Personal injury plaintiff’s counsel can be crafty if not down-right devious. When a worker dies or sustains a serious injury on a construction site, lawyers who specialize in plaintiff’s personal injury work often swoop in and sue all of the project participants regardless of the participant’s involvement in or responsibility for the accident. These lawyers try to spread as wide a net as possible in order to capture the largest pool of potential contributors. They follow the maxim “shoot first, aim later.” The primary targets in construction accident law suits are usually the general contractor or construction manager – the party who by contract is typically responsible for maintaining site safety. In addition to suing GC’s or CM’s contractually responsible for safety, however, personal injury plaintiff’s counsel do not hesitate to sue design professionals who according to their contracts have no responsibility for safety issues. As most design professionals are aware Standard Form Agreements such as iterations of the AIA Owner/Architect Agreements include unambiguous provisions exempting architects from responsibility for safety. For example, article 3.6.2.2 in the AIA B101 (2007 edition) provides in part:

“The Architect shall not have control over, charge of, or responsibility for the construction means, methods, techniques, sequences or procedures, or for safety precautions and programs in connection with the Work, nor shall the Architect be responsible for the Contractor’s failure to perform the Work in accordance with the requirements of the Contract Documents.” (Emphasis supplied)

This contract clause is extremely important as it can serve as the basis for a dispositive motion and lead to the dismissal of the claim. In order for a plaintiff to prevail against a design professional in a personal injury case (i.e., a negligence claim), the plaintiff must establish that the design professional breached a duty that he/she owed to the plaintiff and that as a result of this breach, the plaintiff was injured. The key to defeating such a negligence claim is to show that the design professional did not owe a duty to the injured plaintiff, for example, to protect the plaintiff from injury. Contract clauses such as 3.6.2.2 above make it clear that – contrary to the plaintiff’s allegations of wrongdoing by the architect – the architect did not owe a duty to the plaintiff to maintain site safety. If the architect has no duty to maintain site safety, the architect can not be accused of “failing” to protect the plaintiff from injury.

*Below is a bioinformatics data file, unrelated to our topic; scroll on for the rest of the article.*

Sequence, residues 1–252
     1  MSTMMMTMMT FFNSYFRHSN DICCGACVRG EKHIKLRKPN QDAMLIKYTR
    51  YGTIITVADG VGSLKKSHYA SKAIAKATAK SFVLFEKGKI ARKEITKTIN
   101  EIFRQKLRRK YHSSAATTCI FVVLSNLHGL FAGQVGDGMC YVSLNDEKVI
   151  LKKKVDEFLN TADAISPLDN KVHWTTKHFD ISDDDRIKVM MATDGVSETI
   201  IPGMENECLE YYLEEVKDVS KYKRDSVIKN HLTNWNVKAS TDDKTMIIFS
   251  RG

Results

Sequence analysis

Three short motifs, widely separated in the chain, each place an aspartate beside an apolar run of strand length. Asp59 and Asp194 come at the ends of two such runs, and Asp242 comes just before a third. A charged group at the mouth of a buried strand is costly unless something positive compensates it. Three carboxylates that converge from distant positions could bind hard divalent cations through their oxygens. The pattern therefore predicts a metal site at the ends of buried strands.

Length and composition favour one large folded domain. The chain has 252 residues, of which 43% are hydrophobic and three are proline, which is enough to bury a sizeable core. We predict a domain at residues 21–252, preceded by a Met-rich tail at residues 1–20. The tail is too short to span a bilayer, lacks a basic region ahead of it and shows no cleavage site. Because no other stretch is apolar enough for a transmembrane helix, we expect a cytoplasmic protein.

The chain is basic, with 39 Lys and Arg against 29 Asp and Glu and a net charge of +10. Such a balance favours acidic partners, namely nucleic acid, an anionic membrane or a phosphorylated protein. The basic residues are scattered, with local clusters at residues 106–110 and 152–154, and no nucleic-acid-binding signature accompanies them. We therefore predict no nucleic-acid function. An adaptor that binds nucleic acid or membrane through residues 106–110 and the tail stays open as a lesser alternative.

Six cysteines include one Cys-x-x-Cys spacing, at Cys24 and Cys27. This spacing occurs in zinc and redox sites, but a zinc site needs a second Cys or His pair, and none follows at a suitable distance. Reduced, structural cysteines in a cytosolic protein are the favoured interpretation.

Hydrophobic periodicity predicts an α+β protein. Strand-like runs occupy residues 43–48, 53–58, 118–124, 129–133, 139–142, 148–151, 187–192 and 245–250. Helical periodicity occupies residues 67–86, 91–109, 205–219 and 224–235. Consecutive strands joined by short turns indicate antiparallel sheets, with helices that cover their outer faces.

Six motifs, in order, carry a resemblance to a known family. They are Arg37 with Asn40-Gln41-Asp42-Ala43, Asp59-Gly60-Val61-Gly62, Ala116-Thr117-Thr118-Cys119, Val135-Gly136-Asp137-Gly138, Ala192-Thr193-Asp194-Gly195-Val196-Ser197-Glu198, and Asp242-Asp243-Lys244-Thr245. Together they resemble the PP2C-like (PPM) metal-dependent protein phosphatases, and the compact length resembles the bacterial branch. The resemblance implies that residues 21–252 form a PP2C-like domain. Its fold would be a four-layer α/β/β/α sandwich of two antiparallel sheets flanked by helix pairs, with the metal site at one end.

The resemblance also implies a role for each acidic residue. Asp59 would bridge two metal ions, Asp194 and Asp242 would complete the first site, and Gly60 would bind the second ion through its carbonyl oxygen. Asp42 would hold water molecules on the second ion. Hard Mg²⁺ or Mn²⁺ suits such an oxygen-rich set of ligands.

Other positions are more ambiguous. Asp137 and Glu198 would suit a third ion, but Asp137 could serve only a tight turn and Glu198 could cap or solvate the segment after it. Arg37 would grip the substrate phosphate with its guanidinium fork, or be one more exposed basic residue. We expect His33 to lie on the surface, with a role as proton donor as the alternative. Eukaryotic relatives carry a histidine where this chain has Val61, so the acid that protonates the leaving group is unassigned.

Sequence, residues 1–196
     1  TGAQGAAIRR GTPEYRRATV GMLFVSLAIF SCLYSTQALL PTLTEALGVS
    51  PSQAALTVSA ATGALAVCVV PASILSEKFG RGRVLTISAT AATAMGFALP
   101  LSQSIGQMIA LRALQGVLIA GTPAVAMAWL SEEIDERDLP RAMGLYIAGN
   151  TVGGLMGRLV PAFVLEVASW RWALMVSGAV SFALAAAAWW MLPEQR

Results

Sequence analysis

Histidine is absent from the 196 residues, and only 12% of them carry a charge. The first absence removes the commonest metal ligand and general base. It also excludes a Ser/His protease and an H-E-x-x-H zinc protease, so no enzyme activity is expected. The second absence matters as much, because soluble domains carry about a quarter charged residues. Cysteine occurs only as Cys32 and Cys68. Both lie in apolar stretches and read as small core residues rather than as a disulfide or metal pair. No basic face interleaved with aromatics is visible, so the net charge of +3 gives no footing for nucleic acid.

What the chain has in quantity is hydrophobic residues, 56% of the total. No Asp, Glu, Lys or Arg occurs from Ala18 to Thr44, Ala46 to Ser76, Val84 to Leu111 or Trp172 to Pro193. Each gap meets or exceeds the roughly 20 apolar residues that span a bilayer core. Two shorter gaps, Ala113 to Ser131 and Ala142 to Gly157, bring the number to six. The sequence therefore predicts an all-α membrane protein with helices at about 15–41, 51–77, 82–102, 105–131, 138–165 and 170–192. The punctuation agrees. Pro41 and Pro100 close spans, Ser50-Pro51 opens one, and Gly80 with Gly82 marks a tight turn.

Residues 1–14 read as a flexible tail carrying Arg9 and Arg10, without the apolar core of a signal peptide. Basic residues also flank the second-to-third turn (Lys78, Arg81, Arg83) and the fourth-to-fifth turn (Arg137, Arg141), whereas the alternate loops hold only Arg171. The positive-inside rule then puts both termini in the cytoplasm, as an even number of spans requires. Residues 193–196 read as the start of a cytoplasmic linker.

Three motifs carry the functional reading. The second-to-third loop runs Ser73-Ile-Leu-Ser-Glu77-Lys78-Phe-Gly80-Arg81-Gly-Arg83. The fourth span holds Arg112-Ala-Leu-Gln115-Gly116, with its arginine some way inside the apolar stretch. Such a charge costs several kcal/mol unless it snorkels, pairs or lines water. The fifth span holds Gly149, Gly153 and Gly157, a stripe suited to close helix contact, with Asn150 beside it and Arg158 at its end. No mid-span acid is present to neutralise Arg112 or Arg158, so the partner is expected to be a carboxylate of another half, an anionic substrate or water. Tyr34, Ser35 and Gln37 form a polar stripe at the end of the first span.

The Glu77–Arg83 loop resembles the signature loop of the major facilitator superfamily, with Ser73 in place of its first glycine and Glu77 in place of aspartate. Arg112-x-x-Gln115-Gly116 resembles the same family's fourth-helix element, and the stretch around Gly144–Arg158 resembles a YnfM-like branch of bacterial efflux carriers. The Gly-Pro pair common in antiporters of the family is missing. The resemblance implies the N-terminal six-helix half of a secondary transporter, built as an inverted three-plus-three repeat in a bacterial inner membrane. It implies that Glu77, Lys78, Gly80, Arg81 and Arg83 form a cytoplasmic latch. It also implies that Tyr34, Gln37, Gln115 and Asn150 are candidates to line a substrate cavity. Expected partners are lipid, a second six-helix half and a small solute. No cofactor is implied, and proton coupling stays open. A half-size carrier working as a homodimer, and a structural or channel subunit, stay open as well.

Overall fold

This is a potent argument that often prevails but it is not failsafe. Seasoned plaintiff’s counsel understand that regardless of contract language in an Owner/Architect Agreement excepting the architect from responsibility for site safety, that architect by his or her conduct may assume broader responsibilities than are described in the contract. For example, if the architect participates in safety meetings with the contractor or actually directs or controls safety precautions on site, then the protections of clauses such as 3.6.2.2 are undermined if not obliterated. The rationale behind this result is that if an actor assumes by conduct responsibility for an act, that actor has a duty to perform that act reasonably safely – i.e., without negligence. One example of this concept is the person who while walking along a river sees a swimmer in distress and decides to try to rescue him. This Good Samaritan has no duty to save or protect the swimmer and can not be legally liable if they do not attempt a rescue and the swimmer dies. Once the Good Samaritan dives into the water and attempts to rescue the swimmer in distress, however, he assumes a duty to perform the rescue in a safe and reasonable manner. If something goes wrong with the rescue and the Good Samaritan inadvertently injures the swimmer, the Good Samaritan can be legally liable to the now injured swimmer. It doesn’t matter that the swimmer would have died but for the Good Samaritan’s rescue.